I often get questions from people regarding LinkedIn. When I feel the question is shared by others, I post it here on my blog for all to read.
Thank you so much for the wealth of information you have created! I was wondering if you had any suggestions for a mother of 3 little boys now able to re-enter the workforce. I’m having trouble starting with my summary and headline. I’m afraid people will pass me up because I have been out of the game for so long….5 years! My goal is Customer Success Management. Any suggestions on how to deal with this would be greatly appreciated!
All the best!
It’s best to explain an employment gap but don’t dwell on it.
Write your headline and summary with your end goal and target audience in mind. At the end of your summary, you can state something like:
I spent the last five years raising three little boys. During this time as “Project Manager,” I kept the household running while transporting my boys to all types of extracurricular activities. My customer service background helped keep fellow parents grounded and happy when my boys broke windows with their baseballs and…”
I talk about explaining employment gaps in my book, LinkedIn Makeover: Professional Secrets to a POWERFUL LinkedIn Profile:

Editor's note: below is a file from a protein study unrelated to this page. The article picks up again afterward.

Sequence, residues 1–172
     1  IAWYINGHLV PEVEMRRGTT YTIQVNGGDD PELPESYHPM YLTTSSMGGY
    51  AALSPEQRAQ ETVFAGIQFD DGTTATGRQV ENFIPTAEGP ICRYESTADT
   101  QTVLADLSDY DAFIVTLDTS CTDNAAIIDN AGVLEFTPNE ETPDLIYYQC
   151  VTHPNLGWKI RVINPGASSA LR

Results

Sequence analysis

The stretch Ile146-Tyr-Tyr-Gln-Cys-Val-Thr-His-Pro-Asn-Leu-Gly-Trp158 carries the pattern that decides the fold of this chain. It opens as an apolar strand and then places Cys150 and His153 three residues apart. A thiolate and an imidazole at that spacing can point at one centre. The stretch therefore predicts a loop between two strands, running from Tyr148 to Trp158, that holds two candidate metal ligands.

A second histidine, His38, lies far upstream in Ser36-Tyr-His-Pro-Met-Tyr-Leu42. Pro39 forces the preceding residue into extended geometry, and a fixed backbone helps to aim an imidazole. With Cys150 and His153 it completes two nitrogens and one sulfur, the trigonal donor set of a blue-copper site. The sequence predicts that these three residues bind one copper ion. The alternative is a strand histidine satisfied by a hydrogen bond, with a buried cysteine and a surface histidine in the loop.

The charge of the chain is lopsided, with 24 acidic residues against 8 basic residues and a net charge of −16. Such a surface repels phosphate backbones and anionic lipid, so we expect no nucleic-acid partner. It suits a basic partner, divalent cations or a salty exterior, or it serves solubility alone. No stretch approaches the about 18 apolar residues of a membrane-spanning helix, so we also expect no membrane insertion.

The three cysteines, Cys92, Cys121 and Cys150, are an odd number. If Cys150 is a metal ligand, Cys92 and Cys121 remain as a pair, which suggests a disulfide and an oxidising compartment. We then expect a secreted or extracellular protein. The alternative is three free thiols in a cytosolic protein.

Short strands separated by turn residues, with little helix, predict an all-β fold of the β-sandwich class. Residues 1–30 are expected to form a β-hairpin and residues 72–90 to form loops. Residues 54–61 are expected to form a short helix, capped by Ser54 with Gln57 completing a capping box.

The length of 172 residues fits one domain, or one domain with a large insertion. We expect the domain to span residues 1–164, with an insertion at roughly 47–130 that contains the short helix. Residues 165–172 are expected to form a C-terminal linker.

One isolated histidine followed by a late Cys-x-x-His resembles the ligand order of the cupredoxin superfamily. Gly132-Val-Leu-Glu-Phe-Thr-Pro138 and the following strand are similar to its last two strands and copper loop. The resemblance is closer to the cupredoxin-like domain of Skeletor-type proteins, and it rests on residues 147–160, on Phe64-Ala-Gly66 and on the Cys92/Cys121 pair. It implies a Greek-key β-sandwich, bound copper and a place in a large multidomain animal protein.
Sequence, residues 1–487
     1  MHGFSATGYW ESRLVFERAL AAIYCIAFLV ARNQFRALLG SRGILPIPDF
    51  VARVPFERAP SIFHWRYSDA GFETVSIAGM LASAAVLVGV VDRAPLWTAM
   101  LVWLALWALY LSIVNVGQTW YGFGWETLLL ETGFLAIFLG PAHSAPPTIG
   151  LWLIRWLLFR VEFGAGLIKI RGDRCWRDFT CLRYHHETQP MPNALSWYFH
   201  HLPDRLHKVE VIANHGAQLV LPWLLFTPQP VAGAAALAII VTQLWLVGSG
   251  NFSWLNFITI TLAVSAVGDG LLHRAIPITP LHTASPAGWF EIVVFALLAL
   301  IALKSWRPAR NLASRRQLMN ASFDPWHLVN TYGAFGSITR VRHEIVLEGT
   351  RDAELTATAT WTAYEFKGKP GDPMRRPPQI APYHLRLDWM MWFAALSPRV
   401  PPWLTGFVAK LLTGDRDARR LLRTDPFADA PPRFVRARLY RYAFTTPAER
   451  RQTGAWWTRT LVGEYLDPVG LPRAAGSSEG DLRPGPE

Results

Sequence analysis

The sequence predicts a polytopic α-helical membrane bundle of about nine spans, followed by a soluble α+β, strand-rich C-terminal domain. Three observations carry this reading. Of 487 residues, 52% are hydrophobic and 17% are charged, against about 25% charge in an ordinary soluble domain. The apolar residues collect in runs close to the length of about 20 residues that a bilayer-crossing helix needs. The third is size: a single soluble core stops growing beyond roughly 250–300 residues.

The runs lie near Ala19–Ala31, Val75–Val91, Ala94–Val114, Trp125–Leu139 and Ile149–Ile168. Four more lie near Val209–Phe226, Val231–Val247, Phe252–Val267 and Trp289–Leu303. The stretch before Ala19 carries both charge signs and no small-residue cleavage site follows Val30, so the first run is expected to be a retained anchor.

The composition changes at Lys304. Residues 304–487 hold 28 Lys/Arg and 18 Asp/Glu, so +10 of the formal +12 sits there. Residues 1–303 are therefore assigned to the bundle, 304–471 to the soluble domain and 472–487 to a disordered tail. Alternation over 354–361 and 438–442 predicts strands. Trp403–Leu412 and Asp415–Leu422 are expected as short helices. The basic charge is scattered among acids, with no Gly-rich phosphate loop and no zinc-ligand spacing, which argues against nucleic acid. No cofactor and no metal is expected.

Did you take time off to raise kids? Maybe you took a sabbatical? Did you nurse an ailing relative back to health? Whatever the situation, employment gaps happen. Rather than just ignoring this elephant in the room, it’s best to mention it up front and provide context to your reader. You also want to show that during this down time, you stayed active in your career and community. You can list courses that you took or organizations that you participated in. This information can either go in the previous position listed or you can create a new position for the gap.
Our General Manager here at Vision Board Media/LinkedIn-Makeover.com dealt with her 10 year absence in this way:
I’ve found being direct and using a little humor is the best way to deal with most situations.
Remember, you aren’t the only woman who has taken time off for her family. And there is nothing wrong with having taken the time. Now you just need to make sure you let everyone know that you kept your skills honed and you are ready for the next opportunity.
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